The Spitzer Space Telescope (formerly SIRTF, the Space Infrared Telescope Facility) was launched into space by a Delta rocket from Cape Canaveral, Florida on 25 August 2003. Consisting of a 0.85-meter telescope and three cryogenically-cooled science instruments, Spitzer was the largest infrared telescope ever launched into space at the time.
Spitzer is the final mission in NASA's Great Observatories Program - a family of four orbiting observatories, each observing the Universe in a different kind of light (visible, gamma rays, X-rays, and infrared). Other missions in this program include the Hubble Space Telescope (HST), Compton Gamma-Ray Observatory (CGRO), and the Chandra X-Ray Observatory(CXO). Spitzer is also a part of NASA's Astronomical Search for Origins Program, designed to provide information which will help us understand our cosmic roots, and how galaxies, stars and planets develop and form.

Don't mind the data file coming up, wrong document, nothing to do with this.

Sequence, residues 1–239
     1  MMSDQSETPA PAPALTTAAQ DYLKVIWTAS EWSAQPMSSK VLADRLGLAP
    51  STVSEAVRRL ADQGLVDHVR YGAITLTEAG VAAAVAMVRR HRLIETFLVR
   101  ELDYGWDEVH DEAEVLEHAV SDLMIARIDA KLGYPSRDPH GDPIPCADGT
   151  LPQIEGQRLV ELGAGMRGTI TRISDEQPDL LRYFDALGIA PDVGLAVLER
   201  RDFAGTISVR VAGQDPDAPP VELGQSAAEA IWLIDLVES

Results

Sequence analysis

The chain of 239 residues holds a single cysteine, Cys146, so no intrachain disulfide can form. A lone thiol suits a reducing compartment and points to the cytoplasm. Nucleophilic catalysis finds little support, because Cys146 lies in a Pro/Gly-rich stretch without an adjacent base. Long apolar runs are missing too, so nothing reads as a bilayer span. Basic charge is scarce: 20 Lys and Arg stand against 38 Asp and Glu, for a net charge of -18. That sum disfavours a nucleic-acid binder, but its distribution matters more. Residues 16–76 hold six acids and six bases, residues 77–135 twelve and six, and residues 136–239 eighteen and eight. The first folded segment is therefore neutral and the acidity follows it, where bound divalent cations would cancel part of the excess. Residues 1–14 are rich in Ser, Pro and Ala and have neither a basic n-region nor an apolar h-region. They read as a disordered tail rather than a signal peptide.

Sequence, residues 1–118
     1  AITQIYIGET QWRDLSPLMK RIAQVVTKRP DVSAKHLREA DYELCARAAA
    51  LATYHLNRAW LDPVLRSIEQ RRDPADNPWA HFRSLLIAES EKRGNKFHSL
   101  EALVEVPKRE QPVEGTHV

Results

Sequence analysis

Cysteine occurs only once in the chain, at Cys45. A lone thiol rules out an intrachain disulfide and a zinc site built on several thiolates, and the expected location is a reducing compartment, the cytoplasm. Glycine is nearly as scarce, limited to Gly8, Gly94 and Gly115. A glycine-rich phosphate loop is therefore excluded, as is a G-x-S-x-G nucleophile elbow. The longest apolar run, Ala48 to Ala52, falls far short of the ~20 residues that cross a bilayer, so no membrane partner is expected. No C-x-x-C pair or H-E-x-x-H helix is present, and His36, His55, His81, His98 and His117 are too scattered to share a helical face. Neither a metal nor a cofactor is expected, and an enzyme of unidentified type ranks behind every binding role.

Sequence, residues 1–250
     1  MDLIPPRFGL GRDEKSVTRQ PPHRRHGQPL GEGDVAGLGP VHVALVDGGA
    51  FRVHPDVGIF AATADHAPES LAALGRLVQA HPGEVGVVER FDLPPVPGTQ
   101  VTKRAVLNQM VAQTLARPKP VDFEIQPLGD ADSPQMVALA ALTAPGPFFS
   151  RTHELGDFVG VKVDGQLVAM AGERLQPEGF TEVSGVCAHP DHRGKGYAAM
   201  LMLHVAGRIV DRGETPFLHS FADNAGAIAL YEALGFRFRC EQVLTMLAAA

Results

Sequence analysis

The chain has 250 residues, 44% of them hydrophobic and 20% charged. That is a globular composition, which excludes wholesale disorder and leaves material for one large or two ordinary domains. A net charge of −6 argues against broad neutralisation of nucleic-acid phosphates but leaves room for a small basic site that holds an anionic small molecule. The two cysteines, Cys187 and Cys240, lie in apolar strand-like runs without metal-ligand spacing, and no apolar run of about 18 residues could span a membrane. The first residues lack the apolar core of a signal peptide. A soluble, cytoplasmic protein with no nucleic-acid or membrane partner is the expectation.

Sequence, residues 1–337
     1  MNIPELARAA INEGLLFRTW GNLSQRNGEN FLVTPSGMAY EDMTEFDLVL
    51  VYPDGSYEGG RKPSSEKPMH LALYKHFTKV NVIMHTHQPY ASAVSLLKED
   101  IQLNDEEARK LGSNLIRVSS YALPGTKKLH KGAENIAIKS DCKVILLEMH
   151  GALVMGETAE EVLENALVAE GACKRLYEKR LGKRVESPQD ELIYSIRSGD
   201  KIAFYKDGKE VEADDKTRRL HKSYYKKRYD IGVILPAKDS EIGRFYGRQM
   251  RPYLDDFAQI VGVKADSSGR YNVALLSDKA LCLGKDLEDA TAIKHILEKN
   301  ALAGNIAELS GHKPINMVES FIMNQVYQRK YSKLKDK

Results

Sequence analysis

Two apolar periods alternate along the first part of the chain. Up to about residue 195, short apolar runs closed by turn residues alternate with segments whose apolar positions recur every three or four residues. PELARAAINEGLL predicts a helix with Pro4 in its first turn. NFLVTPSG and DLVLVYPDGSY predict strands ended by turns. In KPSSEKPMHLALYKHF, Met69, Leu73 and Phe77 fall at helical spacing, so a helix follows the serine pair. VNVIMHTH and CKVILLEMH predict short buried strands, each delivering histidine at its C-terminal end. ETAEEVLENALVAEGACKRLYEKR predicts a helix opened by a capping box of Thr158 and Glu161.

The Spitzer Cryogenic mission ended after 5.75 years on May 15, 2009 with the depletion of the liquid helium coolant. The spacecraft then operated without coolant for 10.5 years during the Spitzer Warm and Beyond missions from July 27, 2009 until the spacecraft was decommissioned on January 30, 2020.
Spitzer Pocket Guide (PDF, 672 KB)
Detailed description of the Spitzer mission.